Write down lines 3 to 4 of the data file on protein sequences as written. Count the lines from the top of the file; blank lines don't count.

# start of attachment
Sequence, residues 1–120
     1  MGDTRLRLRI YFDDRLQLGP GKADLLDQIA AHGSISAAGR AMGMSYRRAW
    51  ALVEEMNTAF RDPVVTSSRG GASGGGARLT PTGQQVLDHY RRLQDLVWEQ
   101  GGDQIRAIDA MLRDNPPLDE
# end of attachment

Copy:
    51  ALVEEMNTAF RDPVVTSSRG GASGGGARLT PTGQQVLDHY RRLQDLVWEQ
   101  GGDQIRAIDA MLRDNPPLDE